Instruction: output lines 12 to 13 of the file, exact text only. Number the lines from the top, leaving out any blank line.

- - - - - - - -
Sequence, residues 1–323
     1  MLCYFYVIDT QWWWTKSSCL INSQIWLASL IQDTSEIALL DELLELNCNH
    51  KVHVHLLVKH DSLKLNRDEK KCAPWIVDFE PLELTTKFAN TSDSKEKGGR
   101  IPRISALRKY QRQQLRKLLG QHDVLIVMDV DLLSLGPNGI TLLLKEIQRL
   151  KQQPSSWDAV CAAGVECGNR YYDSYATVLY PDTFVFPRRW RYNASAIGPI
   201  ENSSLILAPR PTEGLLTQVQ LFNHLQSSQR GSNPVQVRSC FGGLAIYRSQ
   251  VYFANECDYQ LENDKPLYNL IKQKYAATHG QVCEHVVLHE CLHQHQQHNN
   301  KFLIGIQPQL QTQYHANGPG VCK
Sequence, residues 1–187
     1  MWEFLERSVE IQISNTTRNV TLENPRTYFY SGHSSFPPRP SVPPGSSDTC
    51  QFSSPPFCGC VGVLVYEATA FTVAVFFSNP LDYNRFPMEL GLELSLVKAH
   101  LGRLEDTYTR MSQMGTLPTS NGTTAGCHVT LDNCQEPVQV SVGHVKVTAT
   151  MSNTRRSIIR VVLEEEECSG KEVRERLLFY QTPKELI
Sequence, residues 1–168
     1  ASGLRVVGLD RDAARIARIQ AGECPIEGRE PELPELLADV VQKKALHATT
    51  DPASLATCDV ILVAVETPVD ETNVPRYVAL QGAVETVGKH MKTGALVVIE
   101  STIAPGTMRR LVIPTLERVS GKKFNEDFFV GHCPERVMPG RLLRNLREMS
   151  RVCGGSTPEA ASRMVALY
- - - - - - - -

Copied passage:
   101  LGRLEDTYTR MSQMGTLPTS NGTTAGCHVT LDNCQEPVQV SVGHVKVTAT
   151  MSNTRRSIIR VVLEEEECSG KEVRERLLFY QTPKELI